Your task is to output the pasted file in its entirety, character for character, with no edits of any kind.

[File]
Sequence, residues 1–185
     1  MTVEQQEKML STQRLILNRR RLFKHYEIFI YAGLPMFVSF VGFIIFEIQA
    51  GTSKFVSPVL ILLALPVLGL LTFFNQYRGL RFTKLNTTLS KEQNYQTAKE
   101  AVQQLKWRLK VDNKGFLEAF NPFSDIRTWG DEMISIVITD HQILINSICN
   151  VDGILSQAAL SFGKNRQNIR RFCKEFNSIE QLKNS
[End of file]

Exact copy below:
Sequence, residues 1–185
     1  MTVEQQEKML STQRLILNRR RLFKHYEIFI YAGLPMFVSF VGFIIFEIQA
    51  GTSKFVSPVL ILLALPVLGL LTFFNQYRGL RFTKLNTTLS KEQNYQTAKE
   101  AVQQLKWRLK VDNKGFLEAF NPFSDIRTWG DEMISIVITD HQILINSICN
   151  VDGILSQAAL SFGKNRQNIR RFCKEFNSIE QLKNS